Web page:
World's Most Popular Landmarks
There’s a site along the far west side of Manhattan that lures millions to its meandering walkways and scenic lookouts: the High Line, a converted rail bed that’s now an elevated park. Though less than three years old, the High Line has already become one of the world’s most popular landmarks.
That’s the verdict according to T+L’s first-ever landmarks survey (see the full methodology), in which we asked readers to rank contenders in six categories—and flag the ones they’ve actually traveled to see. We used the latter results to determine the world’s most popular landmarks, a revealing list of longtime favorites and buzzed-about newcomers like the High Line.
Related: America's Most Beautiful Landmarks
A total of five New York landmarks made it into the most popular list, including the city’s newest public space: the National September 11 Memorial. Remarkably, more than half of those who voted for the memorial in our survey have visited the reflecting pools, which opened only in Fall 2011. “Hundreds of thousands of visitors from all 50 states and more than 120 countries have come to the National September 11 Memorial,” affirms its president, Joe Daniels. “The responses from these visitors continue to be overwhelmingly positive.”
Landmarks that have played a significant role in history and that are instantly recognizable symbols naturally pique our travel interest. At No. 5, London’s Big Ben, a clock tower and 13-ton bell, has attracted onlookers since it started counting the minutes in 1859. Rome’s Colosseum is the city's most popular landmark and has given travelers a new reason to visit; below-ground tunnels, where gladiators once prepared for combat, opened to the public in 2010 for the first time in modern history. Perhaps this development helped the Colosseum, No. 6, beat out the best-known structure of the classical world, Greece’s Acropolis, which came in at No. 16.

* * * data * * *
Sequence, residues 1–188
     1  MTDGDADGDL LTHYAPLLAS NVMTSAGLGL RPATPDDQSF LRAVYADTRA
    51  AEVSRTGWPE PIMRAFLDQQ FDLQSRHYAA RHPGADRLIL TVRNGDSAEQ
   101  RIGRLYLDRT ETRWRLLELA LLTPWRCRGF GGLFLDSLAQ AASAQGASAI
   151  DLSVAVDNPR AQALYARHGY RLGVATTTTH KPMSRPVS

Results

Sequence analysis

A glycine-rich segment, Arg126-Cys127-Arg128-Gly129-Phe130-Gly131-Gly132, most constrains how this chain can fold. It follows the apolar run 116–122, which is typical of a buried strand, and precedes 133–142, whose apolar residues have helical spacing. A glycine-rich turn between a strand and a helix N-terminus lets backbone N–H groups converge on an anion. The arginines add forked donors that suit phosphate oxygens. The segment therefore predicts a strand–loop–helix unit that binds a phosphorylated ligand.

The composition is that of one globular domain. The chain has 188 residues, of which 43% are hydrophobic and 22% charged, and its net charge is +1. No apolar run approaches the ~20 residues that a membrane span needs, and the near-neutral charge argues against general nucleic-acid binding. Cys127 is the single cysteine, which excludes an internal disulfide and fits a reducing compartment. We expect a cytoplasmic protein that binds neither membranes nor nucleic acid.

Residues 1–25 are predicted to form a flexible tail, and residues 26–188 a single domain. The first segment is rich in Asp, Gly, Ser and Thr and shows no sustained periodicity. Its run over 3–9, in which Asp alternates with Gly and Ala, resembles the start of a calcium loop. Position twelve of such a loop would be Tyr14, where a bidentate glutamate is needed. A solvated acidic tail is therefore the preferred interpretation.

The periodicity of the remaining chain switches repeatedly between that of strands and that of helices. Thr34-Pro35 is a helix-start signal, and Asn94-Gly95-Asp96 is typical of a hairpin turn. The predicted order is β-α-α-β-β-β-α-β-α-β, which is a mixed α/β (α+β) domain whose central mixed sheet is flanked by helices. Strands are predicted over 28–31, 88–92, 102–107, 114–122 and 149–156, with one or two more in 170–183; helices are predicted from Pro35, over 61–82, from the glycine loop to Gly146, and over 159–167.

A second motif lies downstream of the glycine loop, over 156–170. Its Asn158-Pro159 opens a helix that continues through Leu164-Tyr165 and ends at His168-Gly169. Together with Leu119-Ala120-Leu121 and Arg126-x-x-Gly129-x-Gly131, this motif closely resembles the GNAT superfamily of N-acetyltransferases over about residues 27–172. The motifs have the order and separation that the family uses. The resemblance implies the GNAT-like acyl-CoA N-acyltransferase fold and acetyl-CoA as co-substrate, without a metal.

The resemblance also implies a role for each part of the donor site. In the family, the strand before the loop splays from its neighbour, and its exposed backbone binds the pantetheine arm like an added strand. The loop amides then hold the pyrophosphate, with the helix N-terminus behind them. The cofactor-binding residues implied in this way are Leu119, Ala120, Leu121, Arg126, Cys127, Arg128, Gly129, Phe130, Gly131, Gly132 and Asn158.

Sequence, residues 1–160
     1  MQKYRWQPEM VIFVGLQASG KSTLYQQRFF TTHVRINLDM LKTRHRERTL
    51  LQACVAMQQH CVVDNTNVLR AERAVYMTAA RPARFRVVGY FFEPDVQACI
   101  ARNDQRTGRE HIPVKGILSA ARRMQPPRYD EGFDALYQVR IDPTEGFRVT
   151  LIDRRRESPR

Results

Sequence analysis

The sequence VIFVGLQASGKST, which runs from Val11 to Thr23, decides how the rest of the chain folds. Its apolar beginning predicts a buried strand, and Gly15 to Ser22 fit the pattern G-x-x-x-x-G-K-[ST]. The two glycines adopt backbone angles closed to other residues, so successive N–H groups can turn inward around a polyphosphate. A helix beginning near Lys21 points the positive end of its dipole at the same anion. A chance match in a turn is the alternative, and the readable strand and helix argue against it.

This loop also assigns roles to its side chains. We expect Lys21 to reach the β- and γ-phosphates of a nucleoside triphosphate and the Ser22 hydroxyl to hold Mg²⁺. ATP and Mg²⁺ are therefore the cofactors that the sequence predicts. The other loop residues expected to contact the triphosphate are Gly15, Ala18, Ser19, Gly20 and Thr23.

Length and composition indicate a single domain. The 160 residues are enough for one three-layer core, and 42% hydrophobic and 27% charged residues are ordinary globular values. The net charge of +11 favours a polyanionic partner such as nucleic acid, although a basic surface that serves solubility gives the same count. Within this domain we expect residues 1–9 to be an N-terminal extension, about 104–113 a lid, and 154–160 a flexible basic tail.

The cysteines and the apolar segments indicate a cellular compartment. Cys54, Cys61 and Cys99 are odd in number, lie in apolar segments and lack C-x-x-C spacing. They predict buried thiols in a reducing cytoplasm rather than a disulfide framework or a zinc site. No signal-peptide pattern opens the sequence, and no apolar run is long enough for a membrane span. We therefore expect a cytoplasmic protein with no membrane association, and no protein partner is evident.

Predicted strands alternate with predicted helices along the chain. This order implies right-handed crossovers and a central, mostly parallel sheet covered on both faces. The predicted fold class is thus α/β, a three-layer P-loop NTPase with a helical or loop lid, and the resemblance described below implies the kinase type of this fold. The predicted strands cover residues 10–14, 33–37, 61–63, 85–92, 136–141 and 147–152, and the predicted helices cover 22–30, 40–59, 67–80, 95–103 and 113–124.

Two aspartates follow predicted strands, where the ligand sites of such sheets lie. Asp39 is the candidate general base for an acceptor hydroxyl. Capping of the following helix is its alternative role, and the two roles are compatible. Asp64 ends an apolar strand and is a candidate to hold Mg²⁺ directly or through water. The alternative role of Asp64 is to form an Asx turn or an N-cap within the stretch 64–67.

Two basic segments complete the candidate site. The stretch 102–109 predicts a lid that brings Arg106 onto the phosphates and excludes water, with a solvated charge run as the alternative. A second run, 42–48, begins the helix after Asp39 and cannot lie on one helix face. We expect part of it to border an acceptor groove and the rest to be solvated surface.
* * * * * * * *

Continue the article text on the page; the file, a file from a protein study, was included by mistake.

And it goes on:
So which landmark is so popular that it’s been visited by the highest number of T+L readers? None other than Lady Liberty. For the best views of the Statue of Liberty illuminating the Hudson River at twilight, head back to the High Line, which has a straight-on view from the woodsy area next to the 10th Avenue Square.
Find out which other landmarks made it into the most popular and start plotting your next trip.
No. 1 Statue of Liberty, New York
More than a century after France gifted this 151-foot copper sculpture to the United States, three million–plus visitors head to Liberty Island each year to admire it.
No. 2 Empire State Building, New York City